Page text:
Booker W. Edwards, Jr.
The Art Institute of Atlanta
If it's not challenging you, it's not changing you. Embrace the challenge and you'll be changed for the better. Booker W. Edwards Jr. , Lead Faculty , The Art Institute of Atlanta
Was there a defining moment when you knew you were destined to become a creative professional?
I grew up in the 70’s listening to R&B and funk music. I fell in love with music and sound, and I was fascinated by how it made me feel. I named my first dog Jungle Boogie after the Kool & The Gang song, and by age five I knew I’d have a career in music.
How do you weave your professional background into the classroom experience?
It's very organic, because I can relate so much to many of the paths that our students have taken to get here. I see their desire to take what they love and make a living at it. I pull directly from my experiences so they can learn from my mistakes. Many students come in with career blinders on...they think music is all there is to audio when there’s so much more. I was like them until I found a mentor who opened my eyes to the opportunities, and I try to do the same for my students including being honest, sharing accomplishments, failures, and challenges, and teaching them to take responsibility for their own success. I want my students to leave here with a realistic view of the industry—hard deadlines, rigorous and challenging projects, honest constructive critiques, and reward for a job well done.
What class assignment exemplifies your approach to teaching and mentoring?
I present projects in the context of contract work with a client. Students receive a letter from a client detailing what they want, when they need it, and how it's to be delivered. Students execute and deliver the project. Of course, I’m actually the “client.” The pay is their grade—if the work is good, the grade reflects that; if not, there’s specific feedback from the client. It’s all about practicing for a career, not just trying for a grade in class.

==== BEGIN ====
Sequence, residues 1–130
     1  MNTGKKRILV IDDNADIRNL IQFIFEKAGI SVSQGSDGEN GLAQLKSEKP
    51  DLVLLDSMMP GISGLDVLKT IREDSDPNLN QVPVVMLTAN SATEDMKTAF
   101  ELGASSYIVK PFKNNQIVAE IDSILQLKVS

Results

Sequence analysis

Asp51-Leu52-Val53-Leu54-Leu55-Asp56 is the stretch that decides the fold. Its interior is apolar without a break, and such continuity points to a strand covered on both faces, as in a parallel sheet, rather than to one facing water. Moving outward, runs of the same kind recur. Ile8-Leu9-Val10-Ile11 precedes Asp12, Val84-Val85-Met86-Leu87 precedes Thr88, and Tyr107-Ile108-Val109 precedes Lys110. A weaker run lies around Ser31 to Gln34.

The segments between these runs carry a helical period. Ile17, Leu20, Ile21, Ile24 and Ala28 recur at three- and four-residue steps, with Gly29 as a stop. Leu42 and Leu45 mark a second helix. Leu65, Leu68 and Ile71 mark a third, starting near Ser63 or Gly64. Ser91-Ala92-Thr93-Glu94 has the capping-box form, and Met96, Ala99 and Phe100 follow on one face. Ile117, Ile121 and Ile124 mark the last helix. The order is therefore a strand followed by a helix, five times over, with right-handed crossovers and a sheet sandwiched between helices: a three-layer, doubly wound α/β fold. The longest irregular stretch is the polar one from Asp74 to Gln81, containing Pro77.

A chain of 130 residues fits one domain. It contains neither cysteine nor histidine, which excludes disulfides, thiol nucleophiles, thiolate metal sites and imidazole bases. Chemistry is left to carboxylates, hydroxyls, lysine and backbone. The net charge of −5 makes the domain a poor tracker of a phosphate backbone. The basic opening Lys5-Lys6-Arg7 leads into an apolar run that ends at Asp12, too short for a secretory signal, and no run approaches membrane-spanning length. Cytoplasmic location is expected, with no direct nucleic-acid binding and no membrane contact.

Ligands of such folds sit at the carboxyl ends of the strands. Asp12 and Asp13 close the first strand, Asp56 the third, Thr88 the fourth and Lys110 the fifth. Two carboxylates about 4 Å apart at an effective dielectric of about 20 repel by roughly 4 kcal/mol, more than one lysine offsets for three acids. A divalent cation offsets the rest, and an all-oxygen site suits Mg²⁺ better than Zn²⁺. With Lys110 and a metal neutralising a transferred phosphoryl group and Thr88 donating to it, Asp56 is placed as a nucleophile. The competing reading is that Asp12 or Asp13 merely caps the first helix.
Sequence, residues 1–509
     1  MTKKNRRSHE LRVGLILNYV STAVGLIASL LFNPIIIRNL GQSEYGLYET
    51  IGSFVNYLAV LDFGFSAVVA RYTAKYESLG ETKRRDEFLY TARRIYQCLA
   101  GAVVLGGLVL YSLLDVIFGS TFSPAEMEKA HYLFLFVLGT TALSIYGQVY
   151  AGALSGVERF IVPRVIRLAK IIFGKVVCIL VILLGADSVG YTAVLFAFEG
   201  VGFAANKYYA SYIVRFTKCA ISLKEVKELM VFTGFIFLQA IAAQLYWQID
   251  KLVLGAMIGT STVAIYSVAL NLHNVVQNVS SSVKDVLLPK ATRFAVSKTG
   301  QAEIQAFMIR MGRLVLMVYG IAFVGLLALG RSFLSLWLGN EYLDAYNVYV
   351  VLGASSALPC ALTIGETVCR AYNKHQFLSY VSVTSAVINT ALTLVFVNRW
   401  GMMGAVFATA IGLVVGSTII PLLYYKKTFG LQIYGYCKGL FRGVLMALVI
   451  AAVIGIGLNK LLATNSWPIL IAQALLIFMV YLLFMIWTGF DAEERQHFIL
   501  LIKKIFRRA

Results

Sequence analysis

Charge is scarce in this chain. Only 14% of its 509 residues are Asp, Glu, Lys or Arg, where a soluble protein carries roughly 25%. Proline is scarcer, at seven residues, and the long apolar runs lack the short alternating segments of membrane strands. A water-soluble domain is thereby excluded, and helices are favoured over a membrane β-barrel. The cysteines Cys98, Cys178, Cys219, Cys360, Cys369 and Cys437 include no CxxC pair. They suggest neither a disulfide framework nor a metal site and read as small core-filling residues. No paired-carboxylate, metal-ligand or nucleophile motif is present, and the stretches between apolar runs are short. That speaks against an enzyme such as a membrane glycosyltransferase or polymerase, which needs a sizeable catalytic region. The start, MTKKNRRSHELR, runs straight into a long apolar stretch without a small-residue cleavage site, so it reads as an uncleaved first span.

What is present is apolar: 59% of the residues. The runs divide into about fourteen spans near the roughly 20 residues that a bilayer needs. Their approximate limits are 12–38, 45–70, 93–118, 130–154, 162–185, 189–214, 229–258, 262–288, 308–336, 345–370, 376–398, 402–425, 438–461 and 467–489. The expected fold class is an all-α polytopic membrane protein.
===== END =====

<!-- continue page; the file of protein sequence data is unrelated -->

How does collaboration contribute to students’ success—particularly when students from various programs work together?
In the real world, audio engineers work with artists and producers, sound designers collaborate with film and TV directors, and so on. Our campus is a microcosm of the media/entertainment industry. Audio, Digital Film, Animation, Game Design, they all have an audio aspect. We’ve created a special topics class that puts Animation, Video, and Audio students together on a project encompassing all three disciplines. If our students learn to collaborate here, they’ll be ahead of the game when they get out there.
What’s the most important thing you impart to students to help them succeed in class and the real world?
If it's not challenging you, it's not changing you. Embrace the challenge and you’ll be changed for the better.
What’s the most critical advice you would offer any student embarking on a creative career?
Don’t be afraid to succeed. But success means more than just believing. It means putting in the work.
Anything else you’d like to share?
I love sharing my experiences with the next generation of professionals. When a former student comes back to campus and says, "Thank you for helping me," or tells me I had some impact on their life, the feeling is truly priceless.